Confidence intervals show the range of values we can be fairly, well, confident, that our true value lies in, and they are very important to any quality practitioner. I could be 95% confident the volume of a can of soup will be 390-410 ml. I could be 99% confident under 2% of the products in my batch are defective.

Demonstrating an improvement to the process often involves proving a significant improvement in the mean, so that’s what we tend to focus on – the center of a distribution.

Defects don’t fall in the center, though. They fall in the tails. You can find more beneficial insights in many situations through examining the tails of the distribution rather than just focusing on the mean.

Let’s take a look at some non-traditional confidence intervals that are particularly useful in estimating the percent that fall inside or outside the specification limits.

# Estimating the 99^{th} Percentile on Time to Complete Hospital Lab Work

A probability plot is most often used to help you determine whether your data follows a normal distribution (based on how linear the points appear to be). It provides a good starting point for understanding percentiles. A percentile is the value at which a given percentage of the population is estimated *to fall below*.

But did you know probability plots also provide estimates of the percentiles of the distribution? You can choose any percentile you want on the Y axis and find the corresponding data value on the X axis. The corresponding confidence intervals on the probability plot are confidence intervals for the specific percentile.

I was recently working on a project with a hospital that needed to estimate within how many minutes 99% of their pre-surgery lab work falls.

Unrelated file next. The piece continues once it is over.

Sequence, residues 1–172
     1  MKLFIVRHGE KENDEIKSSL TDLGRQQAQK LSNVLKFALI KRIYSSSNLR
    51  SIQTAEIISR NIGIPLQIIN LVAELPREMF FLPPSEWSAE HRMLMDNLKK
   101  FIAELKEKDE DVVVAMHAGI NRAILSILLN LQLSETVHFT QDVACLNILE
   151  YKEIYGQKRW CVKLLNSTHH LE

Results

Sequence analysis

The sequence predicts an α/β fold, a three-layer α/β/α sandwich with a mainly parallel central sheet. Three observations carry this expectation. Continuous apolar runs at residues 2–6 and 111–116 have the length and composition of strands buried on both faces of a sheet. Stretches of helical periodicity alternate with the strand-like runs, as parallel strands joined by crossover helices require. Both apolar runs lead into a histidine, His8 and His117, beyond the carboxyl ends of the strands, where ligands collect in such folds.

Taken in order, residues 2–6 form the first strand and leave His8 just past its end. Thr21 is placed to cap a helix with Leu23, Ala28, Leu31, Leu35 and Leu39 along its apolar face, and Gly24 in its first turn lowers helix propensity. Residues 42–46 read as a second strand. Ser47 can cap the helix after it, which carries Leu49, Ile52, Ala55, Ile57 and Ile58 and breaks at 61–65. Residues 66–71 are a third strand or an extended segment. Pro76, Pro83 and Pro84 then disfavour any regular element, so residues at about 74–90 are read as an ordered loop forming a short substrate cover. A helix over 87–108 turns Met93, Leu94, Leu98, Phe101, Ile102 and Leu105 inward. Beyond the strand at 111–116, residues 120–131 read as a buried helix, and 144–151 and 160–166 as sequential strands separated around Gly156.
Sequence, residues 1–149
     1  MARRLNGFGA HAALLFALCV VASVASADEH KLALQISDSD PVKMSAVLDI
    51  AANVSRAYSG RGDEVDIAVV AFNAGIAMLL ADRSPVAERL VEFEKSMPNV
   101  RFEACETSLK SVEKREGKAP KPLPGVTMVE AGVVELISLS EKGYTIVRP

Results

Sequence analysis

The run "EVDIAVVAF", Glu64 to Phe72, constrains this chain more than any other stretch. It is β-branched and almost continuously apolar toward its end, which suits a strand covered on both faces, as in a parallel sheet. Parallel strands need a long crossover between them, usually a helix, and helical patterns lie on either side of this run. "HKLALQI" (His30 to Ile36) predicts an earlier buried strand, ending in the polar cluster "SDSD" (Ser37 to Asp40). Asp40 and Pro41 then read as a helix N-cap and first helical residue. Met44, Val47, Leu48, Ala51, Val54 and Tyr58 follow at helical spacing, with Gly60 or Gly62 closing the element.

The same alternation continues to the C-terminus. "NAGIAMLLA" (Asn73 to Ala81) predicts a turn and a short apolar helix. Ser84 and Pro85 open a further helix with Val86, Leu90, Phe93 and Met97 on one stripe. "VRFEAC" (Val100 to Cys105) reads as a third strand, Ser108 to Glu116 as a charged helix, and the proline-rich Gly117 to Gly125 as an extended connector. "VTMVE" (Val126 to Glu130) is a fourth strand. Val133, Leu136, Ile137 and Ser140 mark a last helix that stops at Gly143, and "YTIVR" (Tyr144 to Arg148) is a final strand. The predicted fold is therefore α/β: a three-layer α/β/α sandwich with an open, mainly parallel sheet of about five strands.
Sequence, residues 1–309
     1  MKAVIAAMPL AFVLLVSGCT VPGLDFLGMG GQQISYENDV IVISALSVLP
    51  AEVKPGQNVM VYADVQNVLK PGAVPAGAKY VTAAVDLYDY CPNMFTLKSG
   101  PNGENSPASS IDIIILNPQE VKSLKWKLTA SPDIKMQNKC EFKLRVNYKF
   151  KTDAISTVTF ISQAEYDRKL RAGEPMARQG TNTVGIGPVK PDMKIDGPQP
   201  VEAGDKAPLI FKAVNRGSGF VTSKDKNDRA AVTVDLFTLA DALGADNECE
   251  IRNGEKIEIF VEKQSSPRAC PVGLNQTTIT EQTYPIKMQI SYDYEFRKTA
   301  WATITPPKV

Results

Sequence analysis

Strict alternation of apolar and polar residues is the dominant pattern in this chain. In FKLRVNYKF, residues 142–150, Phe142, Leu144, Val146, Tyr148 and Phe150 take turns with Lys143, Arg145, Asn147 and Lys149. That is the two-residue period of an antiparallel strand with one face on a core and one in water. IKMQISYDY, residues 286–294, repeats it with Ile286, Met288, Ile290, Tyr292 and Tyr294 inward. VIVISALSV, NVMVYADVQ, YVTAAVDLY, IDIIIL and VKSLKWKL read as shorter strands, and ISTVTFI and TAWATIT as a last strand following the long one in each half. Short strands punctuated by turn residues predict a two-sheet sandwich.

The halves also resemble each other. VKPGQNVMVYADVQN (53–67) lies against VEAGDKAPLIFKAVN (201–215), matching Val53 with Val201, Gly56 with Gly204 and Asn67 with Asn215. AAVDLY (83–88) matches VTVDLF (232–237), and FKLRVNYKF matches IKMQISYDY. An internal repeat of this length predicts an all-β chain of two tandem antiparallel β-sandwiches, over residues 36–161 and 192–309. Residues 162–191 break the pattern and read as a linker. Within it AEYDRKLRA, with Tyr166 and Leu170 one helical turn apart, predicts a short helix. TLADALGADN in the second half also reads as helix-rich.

The X value corresponding to Y = 99 on the probability plot was 204 minutes. In other words, 99% of all pre-lab work should be complete by 204 minutes.

The confidence interval around the estimate indicated that we could be 95% confident that 99% of the lab work would be complete by 171-244 minutes. This explained why the surgeries were often falling behind schedule.

# Demonstrating Reliability of Medical Tubing Using Tolerance Intervals

While percentiles estimate the percent of observations that fall below a certain value, tolerance intervals provide a range that you can be confident a certain percentage *will fall between*.

They are very useful for determining where a certain percentage of the population will fall relative to your specification limits.

For example, a medical device company I was working with needed to show 95/99 reliability on the tensile strength of plastic tubing. The specific requirement was that they needed to be 95% confident that the tubing would withstand 3 pounds of force for 99% of product.

Like the hospital data, these data were non-normal. Because a tolerance interval estimates what is going on in the tails of the distribution – not the mean – the distribution assumption is important. Here, an extreme value distribution provided a good distribution fit. Because the tubing could not be too strong, a one-sided tolerance limit, a lower bound, was appropriate. The value of the 99% lower tolerance bound with 95% confidence was 10.7 pounds. In other words, we could be 95% confident that 99% of the tubing population has a tensile strength of at least 10.7 pounds – well above the specification limit of 3 pounds.

# Percentiles vs Tolerance

Consider using confidence intervals on percentiles or tolerance intervals the next time you are interested in interval estimation involving the tails of a distribution:

- Percentiles estimate the value that a given percentage of the population falls below.
- Tolerance intervals estimate the range of measurements a given percentage of the population will falls within.